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PhD Defence Sander Siebelink | Maturities in Building Information Modelling - A multi-level perspective

Maturities in Building Information Modelling - A multi-level perspective

Due to the COVID-19 crisis the PhD defence Sander Siebelink will take place (partly) online.

The PhD defence can be followed by a live stream.

Sander Siebelink is a PhD student in the research group Construction Management and Engineering (CME). His supervisors are prof.dr.ir. A.M. Adriaanse and dr. J.T. Voordijk from the Faculty of Engineering Technology (ET).

Although the adoption of Building Information Modelling (BIM) has driven digitalization in the construction industry for more than a decade, not all organizations are equally mature in its use. Given the fragmented and multidisciplinary nature of the construction industry, these variations in maturity lead to challenges in inter-organizational collaboration. As a result, expected benefits from BIM use are not always realized in practice. This thesis disentangles and explains variations in BIM maturity and their effects on the implementation and use of BIM on the sector, organization, and project levels of analysis. The gathered insights shine a light on the various stages of implementation, and the associated barriers, and highlights the impacts of variations on inter-organizational projects.

First, the thesis presents the development of a BIM maturity model that is applicable to different subsectors and incorporates both organizational and technological aspects of BIM. In doing so, it builds on the strengths of existing BIM maturity models, maturity models related to capability maturity and to supply chain maturity. The developed BIM maturity model was validated through a sectoral analysis of leading firms in terms of BIM use within the Dutch construction industry. Experiences from the implementation of the model and feedback from respondents were used to evaluate the appropriateness of the developed BIM maturity model. Based on this, the study identified aspects where the BIM maturity model needed to be improved prior to its further application in this thesis.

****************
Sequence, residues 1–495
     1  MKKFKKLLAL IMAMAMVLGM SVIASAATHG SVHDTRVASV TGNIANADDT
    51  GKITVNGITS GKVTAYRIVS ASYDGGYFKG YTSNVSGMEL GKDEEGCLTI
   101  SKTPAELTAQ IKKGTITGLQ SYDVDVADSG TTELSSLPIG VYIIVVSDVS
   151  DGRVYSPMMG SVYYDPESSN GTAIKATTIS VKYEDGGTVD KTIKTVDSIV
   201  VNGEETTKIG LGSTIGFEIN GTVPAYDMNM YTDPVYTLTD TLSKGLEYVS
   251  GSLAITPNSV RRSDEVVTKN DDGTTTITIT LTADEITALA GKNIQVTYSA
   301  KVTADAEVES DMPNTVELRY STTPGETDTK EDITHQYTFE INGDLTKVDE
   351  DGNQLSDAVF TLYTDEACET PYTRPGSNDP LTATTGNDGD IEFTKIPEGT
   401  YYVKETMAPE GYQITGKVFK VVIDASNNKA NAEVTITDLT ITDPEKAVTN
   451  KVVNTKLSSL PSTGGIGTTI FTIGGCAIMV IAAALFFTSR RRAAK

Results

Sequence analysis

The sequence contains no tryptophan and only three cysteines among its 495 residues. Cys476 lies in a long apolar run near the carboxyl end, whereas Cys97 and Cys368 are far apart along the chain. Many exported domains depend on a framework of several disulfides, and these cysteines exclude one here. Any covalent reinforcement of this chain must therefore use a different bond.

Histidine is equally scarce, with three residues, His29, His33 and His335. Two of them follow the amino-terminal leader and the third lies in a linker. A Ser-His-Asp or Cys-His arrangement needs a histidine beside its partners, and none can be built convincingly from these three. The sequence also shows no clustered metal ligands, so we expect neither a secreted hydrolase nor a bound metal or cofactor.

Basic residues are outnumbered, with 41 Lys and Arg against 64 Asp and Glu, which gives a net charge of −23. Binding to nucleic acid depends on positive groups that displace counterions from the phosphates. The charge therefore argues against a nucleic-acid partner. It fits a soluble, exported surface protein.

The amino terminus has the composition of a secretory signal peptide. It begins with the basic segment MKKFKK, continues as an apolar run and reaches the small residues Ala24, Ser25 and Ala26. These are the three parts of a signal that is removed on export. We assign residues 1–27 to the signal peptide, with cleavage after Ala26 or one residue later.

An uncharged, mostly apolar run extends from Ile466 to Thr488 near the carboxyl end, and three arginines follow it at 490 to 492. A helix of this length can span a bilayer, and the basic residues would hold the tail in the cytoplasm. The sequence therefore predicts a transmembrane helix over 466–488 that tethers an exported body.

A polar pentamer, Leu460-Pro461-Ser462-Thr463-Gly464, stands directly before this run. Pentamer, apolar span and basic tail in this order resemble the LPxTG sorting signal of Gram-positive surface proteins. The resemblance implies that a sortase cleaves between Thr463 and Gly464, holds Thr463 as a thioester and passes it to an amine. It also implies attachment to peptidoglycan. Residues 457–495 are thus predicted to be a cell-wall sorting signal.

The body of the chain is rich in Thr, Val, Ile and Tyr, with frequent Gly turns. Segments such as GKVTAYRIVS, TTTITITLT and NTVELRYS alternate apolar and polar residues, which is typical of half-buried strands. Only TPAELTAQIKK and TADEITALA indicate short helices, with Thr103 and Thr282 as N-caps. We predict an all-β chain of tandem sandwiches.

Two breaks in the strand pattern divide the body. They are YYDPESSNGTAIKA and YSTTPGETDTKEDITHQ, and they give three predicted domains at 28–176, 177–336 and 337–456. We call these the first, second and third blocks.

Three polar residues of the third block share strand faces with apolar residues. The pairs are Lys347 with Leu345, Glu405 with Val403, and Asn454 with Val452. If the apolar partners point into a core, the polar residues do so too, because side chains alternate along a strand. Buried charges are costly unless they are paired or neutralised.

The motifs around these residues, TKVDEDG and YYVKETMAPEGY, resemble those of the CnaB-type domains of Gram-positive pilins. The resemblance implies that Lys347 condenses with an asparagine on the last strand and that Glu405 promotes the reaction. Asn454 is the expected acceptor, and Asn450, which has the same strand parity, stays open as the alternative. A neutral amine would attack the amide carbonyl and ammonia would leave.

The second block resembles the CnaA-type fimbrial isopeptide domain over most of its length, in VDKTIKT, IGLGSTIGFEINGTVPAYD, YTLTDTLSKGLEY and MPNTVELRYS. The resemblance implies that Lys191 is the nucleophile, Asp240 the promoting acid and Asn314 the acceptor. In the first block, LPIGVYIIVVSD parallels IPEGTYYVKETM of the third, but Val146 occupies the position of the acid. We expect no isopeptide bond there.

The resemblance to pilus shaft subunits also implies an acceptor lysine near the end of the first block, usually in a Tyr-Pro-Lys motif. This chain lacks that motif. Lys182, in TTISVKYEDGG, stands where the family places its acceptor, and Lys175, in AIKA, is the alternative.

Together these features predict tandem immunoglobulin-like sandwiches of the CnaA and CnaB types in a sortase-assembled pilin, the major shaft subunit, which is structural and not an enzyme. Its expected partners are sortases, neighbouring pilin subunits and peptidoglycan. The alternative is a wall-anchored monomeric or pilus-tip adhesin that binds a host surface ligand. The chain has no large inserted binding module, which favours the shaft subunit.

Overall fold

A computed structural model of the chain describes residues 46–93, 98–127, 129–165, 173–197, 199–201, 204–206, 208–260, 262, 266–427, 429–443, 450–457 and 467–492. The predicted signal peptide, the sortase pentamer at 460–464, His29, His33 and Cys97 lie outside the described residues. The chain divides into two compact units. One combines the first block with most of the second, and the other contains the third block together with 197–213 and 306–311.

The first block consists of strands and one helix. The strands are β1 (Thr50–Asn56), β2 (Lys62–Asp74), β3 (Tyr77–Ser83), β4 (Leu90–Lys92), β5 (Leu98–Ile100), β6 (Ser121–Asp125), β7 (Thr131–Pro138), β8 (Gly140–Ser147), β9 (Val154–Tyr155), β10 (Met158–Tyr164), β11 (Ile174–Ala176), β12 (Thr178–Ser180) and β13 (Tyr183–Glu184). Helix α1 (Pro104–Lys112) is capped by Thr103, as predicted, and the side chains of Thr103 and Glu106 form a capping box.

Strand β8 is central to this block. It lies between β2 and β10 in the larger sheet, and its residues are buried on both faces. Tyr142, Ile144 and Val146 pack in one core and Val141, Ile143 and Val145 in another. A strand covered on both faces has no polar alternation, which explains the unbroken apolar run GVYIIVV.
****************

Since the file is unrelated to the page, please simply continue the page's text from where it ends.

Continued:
Second, the thesis presents a case study of nine organizational units within a large construction firm to gain a deeper understanding of barriers to BIM implementation and use. The study extends the existing body of knowledge by mapping barriers on to various organizational levels (from top management, through middle management, down to the operational project level) and by linking barriers to different degrees of BIM maturity. First, the findings revealed the dominance of barriers related to people’s motivation, competence, and time capacity across all levels of the organization. Second, the cluster of barriers on the middle-management level indicated that this level is key when attempting to reduce barriers. Furthermore, it was only cases with a low level of BIM maturity that struggled with a lack of top management support, showing this support’s importance in achieving BIM maturity growth. High BIM maturity situations were more prone to externally oriented barriers in attempting to further leverage the benefits of BIM. Insights from this study provide actionable knowledge on where to focus BIM implementation measures.